March 6, 2012
Daily Devotions written by Shelley Brandon, Grief and Encouragement Coach
Isaiah 61: 4 – 6
4 They will rebuild the ancient ruins
and restore the places long devastated;
they will renew the ruined cities
that have been devastated for generations.
5 Strangers will shepherd your flocks;
foreigners will work your fields and vineyards.
6 And you will be called priests of the LORD,
you will be named ministers of our God.
You will feed on the wealth of nations,
and in their riches you will boast.
The village that we worked in building houses is situated on land that was once a thriving but now abandoned plantation. Few of the original concrete buildings remain. Anyone who had been fortunate enough to claim one was blessed indeed. Most of the dwellings were mere shanties thrown together with rusted scrap metal. No light, no window, a blanket for a door, dirt the only floor. The floors were swept every morning by women who carefully tended their meager homes, grateful for some type of shelter from the elements.
The homes that we built for them were smaller than my bedroom. One 8’x10’ room with one window, a plastic skylight in the center of the metal roof, a real metal door, cement floor, dry-walled inside and cement board with stucco on the outside made a home. A metal awning in front for a covered porch nearly doubled the living space. Most of their days are spent outdoors and this awning provided both shelter and shade. This modest building was more than most of these families has ever known. The simple gifts we brought along for the families were for them more extravagant and overwhelming than any Christmas I’ve ever experienced. Tears of gratitude and joy filled their eyes as their new homes were dedicated to them. Tears of overwhelming humility filled ours.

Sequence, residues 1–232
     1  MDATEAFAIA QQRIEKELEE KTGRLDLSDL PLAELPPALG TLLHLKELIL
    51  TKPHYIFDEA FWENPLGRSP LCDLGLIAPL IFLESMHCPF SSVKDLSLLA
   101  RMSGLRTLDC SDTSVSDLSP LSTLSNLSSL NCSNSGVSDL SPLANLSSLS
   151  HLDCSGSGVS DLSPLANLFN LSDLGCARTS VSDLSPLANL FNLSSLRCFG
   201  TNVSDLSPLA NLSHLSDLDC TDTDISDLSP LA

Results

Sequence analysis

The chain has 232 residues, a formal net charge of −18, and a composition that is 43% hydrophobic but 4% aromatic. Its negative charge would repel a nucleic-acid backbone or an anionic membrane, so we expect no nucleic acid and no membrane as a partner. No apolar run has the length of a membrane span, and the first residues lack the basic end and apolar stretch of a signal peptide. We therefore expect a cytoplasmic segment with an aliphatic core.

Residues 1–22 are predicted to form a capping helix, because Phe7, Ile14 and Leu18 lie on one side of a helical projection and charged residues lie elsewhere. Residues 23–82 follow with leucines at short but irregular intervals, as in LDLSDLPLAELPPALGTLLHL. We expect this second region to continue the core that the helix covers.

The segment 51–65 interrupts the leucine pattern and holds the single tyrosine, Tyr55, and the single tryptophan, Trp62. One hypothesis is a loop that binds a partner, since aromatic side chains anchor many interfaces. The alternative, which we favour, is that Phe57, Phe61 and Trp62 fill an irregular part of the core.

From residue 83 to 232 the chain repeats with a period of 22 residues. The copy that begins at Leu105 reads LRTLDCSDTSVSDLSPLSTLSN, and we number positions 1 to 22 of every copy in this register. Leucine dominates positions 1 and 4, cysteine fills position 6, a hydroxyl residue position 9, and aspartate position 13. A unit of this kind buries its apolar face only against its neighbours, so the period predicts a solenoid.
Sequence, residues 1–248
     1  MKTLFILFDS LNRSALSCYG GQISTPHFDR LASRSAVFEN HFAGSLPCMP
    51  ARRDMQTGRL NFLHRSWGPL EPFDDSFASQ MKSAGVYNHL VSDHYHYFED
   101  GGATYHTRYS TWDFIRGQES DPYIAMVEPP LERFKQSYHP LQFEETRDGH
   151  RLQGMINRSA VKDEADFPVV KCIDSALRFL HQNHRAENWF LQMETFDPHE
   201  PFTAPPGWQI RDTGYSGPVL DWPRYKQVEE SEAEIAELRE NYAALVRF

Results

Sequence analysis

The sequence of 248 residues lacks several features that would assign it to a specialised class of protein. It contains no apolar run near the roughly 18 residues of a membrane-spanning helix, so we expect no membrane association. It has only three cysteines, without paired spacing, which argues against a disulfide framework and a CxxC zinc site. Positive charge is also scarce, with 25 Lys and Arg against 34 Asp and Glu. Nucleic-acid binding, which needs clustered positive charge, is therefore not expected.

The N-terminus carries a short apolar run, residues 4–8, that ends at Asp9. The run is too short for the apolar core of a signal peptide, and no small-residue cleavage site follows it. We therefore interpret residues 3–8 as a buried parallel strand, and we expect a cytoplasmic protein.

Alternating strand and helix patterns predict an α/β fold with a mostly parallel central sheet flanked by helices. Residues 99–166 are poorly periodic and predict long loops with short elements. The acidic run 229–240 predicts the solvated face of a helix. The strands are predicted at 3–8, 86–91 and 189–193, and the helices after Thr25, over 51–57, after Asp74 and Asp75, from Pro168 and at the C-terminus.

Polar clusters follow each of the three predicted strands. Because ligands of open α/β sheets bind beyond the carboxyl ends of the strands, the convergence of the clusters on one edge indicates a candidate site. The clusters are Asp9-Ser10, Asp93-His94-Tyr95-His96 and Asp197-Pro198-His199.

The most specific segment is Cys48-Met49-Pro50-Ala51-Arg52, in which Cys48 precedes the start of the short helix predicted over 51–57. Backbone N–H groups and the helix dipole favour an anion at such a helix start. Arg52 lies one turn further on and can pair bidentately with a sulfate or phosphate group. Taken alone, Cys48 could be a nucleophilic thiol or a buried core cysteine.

As each home was dedicated, the team that built the dwelling went inside with the family, the mission directors and a Guatemalan Pastor named Hermanos Jesus (does it get any cooler than that??? Sir Jesus!) The other teams surrounded the house in a human chain of prayer. As Hermanos Jesus presented each family with the Gospel of Jesus we all prayed for the Holy Spirit to break through the bond of Mayan religion that had been co-mingled with Catholicism into a warped and twisted belief system that had glass-topped coffins in the churches with a wax Jesus inside. In two of the houses that bond was broken!! In another it was cracked as the mother committed her life to Jesus in spite of the controlling fear that had been instilled into her children by her absent husband. The fourth family was not yet ready to make the commitment, but did not outright reject our Savior asking that the evangelism team come back to talk with them more. This evangelism team held discipleship meetings in the village every week. They would not be forgotten.
We weren’t prepared for the spiritual battle that we’d been warned about. Everything from the noise of the village children, dogs fighting with each other near us that had been napping together earlier, loud music from somewhere that had not been heard all week, a Pepsi truck driving back and forth on the narrow dirt road trying to sell his sodas to the villagers and some guy with a P.A. system on his truck verbally running his own commercial for whatever it was that he was trying to sell. Anything that could distract us from our prayer vigil was used against us, even the weather. The only rain we encountered all week fell in those few hours. Our mission for the eternal destination of the wonderful people was under attack. When the distractions became too much, we sang. Any song we could remember the words to we sang, from Jesus Loves Me to Revelation Song. I have never been so spiritually exhausted as I was when we were finished but I have never been so content in the moment either.